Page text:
Queen’s Gambit Declined, Ragozin variation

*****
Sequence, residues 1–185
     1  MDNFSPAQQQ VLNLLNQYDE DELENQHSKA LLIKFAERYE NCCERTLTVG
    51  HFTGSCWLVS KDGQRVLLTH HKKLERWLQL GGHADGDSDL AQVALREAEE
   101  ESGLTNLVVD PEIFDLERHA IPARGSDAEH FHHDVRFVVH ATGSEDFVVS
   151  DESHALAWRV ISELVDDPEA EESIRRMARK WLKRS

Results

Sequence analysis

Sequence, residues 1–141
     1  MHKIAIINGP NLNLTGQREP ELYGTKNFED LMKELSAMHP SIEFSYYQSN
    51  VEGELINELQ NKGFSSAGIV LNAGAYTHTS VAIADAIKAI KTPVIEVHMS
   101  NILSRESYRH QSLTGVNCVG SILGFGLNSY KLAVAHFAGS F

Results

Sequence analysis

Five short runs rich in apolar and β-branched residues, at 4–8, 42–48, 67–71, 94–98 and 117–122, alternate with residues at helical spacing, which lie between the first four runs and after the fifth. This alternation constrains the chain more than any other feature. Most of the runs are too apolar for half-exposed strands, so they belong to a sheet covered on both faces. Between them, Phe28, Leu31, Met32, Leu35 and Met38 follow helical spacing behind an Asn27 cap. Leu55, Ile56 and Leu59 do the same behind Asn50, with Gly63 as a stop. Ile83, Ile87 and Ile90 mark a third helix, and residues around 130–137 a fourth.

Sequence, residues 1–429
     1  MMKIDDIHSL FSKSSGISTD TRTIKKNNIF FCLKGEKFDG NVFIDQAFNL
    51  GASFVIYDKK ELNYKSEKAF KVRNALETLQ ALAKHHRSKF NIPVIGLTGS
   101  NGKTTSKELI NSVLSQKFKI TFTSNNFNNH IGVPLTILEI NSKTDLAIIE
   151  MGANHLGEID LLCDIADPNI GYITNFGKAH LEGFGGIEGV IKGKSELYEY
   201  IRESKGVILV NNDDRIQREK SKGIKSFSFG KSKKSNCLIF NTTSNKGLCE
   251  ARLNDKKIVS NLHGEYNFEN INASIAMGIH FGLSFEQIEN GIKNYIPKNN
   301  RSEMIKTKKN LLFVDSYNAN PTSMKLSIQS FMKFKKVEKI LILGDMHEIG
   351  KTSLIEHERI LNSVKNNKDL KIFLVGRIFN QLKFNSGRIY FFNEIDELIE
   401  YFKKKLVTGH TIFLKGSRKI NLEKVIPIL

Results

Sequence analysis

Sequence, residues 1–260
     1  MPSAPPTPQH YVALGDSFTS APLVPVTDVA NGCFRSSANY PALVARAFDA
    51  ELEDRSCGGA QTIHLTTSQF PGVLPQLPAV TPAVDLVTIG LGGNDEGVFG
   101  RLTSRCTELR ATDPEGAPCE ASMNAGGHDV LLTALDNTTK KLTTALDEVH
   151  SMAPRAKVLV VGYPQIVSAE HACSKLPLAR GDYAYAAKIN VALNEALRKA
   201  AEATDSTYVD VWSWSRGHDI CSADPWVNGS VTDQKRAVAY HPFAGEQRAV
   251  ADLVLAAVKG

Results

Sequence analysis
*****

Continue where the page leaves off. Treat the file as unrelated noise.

1.d4 Nf6 2.c4 e6 3.Nc3 Bb4 4.Nf3 d5 5.cxd5 exd5 6.Bf4!? There’s nothing wrong with this move per se, but the warrior Kasparov of old wouldn’t hesitate to put the bishop on its more natural square in Ragozin by playing 6.Bg5 to pin the knight. But Kasparov’s rational for playing 6.Bf4 is understandable, as he wants to avoid being hit in a theory-line – and given that he’s no longer a full-time professional player putting the hours of work in , that’s good enough reason for wanting to play 6.Bf4. 6…Ne4! And it only takes Nepo a nanosecond to come up with the correct move – and the follow-ups that leave Kasparov in dire straits. 7.Rc1 Nd7 8.e3?! It looks an innocent enough move, and a natural sort of move one would expect to play in such positions – but as a shocked Kasparov was soon to discover, he simply has to play 8.Nd2! Bxc3 9.bxc3 Qh4! 10.Nxe4 Qxf4 11.Ng3 and take the game from here. 8…g5! With two quick and unlikely brutal caveman pawn thrusts, suddenly Kasparov finds himself in a whole world of hurt. 9.Bg3 h5! 10.Qb3?! It’s a bad day at the office for Kasparov when he can’t – and you really can’t blame him – bring himself to play the move that he doesn’t want to play, namely 10.h3 and just accept that you are grovelling after 10…Nxg3 11.fxg3 c6 12.Bd3 Qe7 etc., as eventually Black will pick off one of the two weak pawns on e3 and g3. That said, Kasparov found a way to keep his bishop and the integrity of his kingside pawns – but at the cost of losing the game! 10…Bxc3+ 11.bxc3 c6 12.Nd2?! It’s just a big oversight from Kasparov – and hands up all those who have all been there and done it! On the surface, it looks like a very clever solution from Kasparov, as his king is safe in the middle of the board protected by his phalanx of pawns, and he’ll have the bishop-pair.  Only there’s a little snafu that sees Kasparov going rapidly downhill with all the velocity of Franz Klammer! 12…Nxd2 13.Kxd2 h4! Kasparov just doesn’t see the danger. 14.Bd6 Qf6! [see diagram] Oops, now he does! And with it, the double attack on the Bd6 and f2 proves fatal. 15.Ba3 Qxf2+ 16.Be2 As disasters go, it really doesn’t look all that bad for Kasparov, being only sans a pawn but with the bishop-pair and Nepo’s king stranded in the middle of the board. But alas, there’s one more blow to come that leaves him in ruins. 16…Nf6! The check on e4 is a cold killer, as with it White’s position will collapse as the e3 pawn falls to further expose Kasparov’s king. 17.Qb4 Ne4+ 18.Kd1 c5! 0-1 A wonderful multi-purpose move that forces Kasparov’s immediate resignation, as it not only stops the mate on e7, it also attacks the White queen, so no time to defend his king, and there’s nothing other than 19.dxc5 Bg4! 20.Rc2 (There’s no defence. After 20.Re1 Bxe2+ 21.Rxe2 Qf1+ 22.Kc2 Qxe2+ 23.Kb1 0-0-0! is easily winning.) 20…Qxg2 21.Re1 0-0 22.Qd4 Rfd8 and with …Rac8 looming, White is barely clinging on to the wreckage of his position. So rather than any more embarrassment and further suffering, Kasparov threw the towel in with his early resignation.